I could see that this really nice guy had no interest in picking a fight with the two of us.

“I won’t get in your way,” he said.

My first job was to get the restaurant menu and wine list so that Natalie could make her important choice for the day: appetizer, entree and the best glass of wine to accompany them. Then I took the orders from my stunned father-in-law and husband and dealt with the manager of the restaurant. I wanted a waiter, china, silver, linens and champagne glasses. I wanted them all in an hour when we would gather in that hospital room for dinner.

“She has just been told she has leukemia, for God’s sake,” I said to the restaurant staff.  “I am giving her what she wants, and I need your help.”

Red roses adorned the windowsill and the night sky was blinking with city lights from low-rise buildings. The heavens were visible to us as we sat down to dinner. Natalie had a transfusion of life-giving blood in one arm, and in her other hand she held a glass of her favorite champagne. We toasted to sunshine and champagne.

My heroine is home now and has renewed energy. She made all the calls to the many who love her. She had quiet talks with her adoring daughters. Her trainer and hairdresser came to the house. She went to church this last Sunday, the Episcopal Church that has been so central to her life. Dinners are planned with care. Music and movies at home continue. The family grieves but has joined her in this courageous journey, finding meaning in every moment.

I will always treasure that vista out the hospital room window, champagne glasses raised to celebrate life with a woman who knew who she was and how she would live.

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  • Willse Elizabeth May 21, 2009 at 3:10 pm

    Snif… Found this in the archives while I was doing site updates, and got all choked up. Gorgeous writing!

  • Barbara Thornbrough February 5, 2008 at 9:08 am

    Dear Dr. Allen,
    What a great story this is for all of us who have had to battle with family and Dr’s who do not wish to respect the wishes of a terminal patient. This celebratory tale is a tribute not only to Natalie but to you, Dr. Allen for accepting a life altering and difficult decision.
    I raise my glass to you Pat and to Natalie for your wonderful relationship and for the courage you both showed in making a heartbreaking decision a time of inner peace and joy.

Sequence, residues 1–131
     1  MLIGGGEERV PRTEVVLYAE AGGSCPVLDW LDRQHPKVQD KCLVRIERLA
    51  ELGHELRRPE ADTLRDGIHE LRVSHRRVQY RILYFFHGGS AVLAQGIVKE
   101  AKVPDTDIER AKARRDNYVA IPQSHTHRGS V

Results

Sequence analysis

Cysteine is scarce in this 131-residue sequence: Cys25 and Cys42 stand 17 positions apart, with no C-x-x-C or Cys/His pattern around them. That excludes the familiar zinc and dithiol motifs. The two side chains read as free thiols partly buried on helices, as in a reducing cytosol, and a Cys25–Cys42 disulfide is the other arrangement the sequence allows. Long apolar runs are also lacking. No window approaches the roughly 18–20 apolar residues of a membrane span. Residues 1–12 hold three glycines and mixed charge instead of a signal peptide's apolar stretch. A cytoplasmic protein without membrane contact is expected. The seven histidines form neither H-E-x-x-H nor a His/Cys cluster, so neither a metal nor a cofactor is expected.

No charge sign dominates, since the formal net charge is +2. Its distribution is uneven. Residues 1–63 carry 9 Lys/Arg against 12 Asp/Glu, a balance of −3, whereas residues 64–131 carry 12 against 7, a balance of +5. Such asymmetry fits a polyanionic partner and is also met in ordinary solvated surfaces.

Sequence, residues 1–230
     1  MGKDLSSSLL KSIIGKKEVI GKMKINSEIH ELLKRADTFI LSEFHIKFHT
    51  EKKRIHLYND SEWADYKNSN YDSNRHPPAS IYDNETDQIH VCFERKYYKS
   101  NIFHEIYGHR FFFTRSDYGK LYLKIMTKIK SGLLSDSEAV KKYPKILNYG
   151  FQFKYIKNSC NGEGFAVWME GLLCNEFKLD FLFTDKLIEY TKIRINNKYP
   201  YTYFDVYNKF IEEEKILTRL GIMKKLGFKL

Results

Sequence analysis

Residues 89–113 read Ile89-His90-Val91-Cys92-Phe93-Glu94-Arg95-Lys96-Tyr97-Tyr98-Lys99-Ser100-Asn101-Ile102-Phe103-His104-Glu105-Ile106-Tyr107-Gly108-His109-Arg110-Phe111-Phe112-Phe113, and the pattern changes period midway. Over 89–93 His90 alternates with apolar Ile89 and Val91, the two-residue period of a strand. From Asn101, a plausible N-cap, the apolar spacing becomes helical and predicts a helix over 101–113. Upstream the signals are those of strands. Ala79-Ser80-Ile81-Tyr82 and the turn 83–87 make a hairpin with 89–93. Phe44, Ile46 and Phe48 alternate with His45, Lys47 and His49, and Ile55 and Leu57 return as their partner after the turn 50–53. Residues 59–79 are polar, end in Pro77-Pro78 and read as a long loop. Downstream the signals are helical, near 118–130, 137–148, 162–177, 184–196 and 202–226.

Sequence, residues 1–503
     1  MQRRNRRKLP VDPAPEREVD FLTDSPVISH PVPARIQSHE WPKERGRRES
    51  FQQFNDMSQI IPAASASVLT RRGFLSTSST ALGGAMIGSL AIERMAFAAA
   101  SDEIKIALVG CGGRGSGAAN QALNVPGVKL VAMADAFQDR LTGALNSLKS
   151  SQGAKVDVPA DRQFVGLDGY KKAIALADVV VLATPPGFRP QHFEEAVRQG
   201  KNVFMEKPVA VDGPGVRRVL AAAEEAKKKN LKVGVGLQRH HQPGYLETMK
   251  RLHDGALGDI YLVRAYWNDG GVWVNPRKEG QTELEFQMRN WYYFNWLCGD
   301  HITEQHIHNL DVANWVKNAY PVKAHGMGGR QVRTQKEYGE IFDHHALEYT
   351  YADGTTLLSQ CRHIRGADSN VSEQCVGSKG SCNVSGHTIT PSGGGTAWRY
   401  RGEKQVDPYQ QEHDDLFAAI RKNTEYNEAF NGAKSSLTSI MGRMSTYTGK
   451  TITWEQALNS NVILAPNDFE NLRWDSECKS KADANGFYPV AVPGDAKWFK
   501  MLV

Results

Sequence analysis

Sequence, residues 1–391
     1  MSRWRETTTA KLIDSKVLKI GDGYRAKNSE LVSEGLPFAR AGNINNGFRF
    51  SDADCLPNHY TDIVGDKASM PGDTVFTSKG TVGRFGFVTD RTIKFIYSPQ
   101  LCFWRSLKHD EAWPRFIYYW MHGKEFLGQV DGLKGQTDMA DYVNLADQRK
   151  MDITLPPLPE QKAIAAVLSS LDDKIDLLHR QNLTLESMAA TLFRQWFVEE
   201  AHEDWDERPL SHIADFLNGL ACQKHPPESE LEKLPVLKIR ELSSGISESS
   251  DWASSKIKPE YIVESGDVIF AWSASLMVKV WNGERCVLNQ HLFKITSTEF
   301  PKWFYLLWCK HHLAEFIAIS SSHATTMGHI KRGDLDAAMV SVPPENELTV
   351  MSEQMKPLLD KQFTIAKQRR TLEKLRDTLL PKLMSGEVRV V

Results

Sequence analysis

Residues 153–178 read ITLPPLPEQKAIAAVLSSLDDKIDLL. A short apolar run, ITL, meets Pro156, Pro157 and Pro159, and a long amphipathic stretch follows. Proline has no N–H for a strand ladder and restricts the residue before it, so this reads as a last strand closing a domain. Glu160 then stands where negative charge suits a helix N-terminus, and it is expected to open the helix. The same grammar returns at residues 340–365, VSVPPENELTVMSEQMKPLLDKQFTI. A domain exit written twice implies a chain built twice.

Cheers and thanks for the story. Barbara Thornbrough

  • Lorraine DeLuca February 2, 2008 at 12:13 am

    Dear Pat,
    I am sorry that your mother-in-law and your family had to hear such devastating news. Natalie is a wise woman and she is lucky to have such a wonderful daughter-in-law. I only wish that my father had made the same decision by choosing no treatment for his cancer at the age of 84. The last few weeks of his life he suffered so. I still have trouble thinking about it. May she continue enjoying her dinners, her wine and her family for her remaining days. Thank you for sharing your story with us.

  • Ellen Flamm January 29, 2008 at 9:11 pm

    I applaud you, Pat, for highlighting what I consider to be one of the best ways to let go of life: with loved ones around you, with the ability to make decisions for yourself, to be able to enjoy the beauty of life for as long as it lasts. I hope all those who love and appreciate her can enjoy, applaud and be with her as she makes her last journey. I thank you for making me clearer in my own resolve. I hope I am as lucky as your mother-in-law (and have you to stand by me.)

  • Elizabeth Zarelli Turner January 28, 2008 at 9:45 pm

    Dearest Pat,
    May we all have the courage that Natalie has to say no to extending our lives when we have lived them to the fullest. But may we also have a Pat Allen in our lives who will bring us champagne, a fine meal, linens and fine cutlery. Or may we have a Pat Allen who, when we lose an infant son, will enfold us in that same love and care. Thank you once again from the bottom of my heart, Elizabeth

  • Finele January 28, 2008 at 5:16 pm

    What a beautiful essay!
    my eyes are filled with tears
    of the sadness in loss
    of the fear of disease
    of your love so heartfelt
    of the joy in celebration
    of one’s life choices
    such eloquence in your expression

  • Cecilia Ford PhD January 28, 2008 at 5:08 pm

    Dr. Allen’s comments about her brave and wise mother-in-law underscore how frequently many of us hang onto life, at the expense of truly living.
    Last year, my husband, at age 54, also received a diagnosis of acute myelogenous leukemia. Because the prognosis for people under 65 is significantly better, he decided to go ahead and tolerated 8 months of painful treatment, many of them in the hospital (and yes, I catered every meal–I’ve learned a thing or two from Dr. Allen.)
    I’m happy to say he has been in remission for 7 months and, though the future is uncertain, has reason to hope.
    Quality of life is important, as is the need for doctors to be straightforward about prognosis, since it is difficult to make an truly balanced decision otherwise. Medical professionals as well as patients are often afraid to discuss the specifics of a frightening diagnosis, but is very important to ask for as many details as possible.

  • Elena A. Brim January 28, 2008 at 4:56 pm

    Thanks Pat for sharing this with me. Now you’ve made Natalie my role model. I honestly wouldn’t know what to do faced with such a decision. Hopefully, I never would.

  • elaine lafferty January 28, 2008 at 1:13 pm

    What an extraordinary story of an extraordinary woman. Thank you Pat for a beautifully written and inspiring tale of dignity and courage.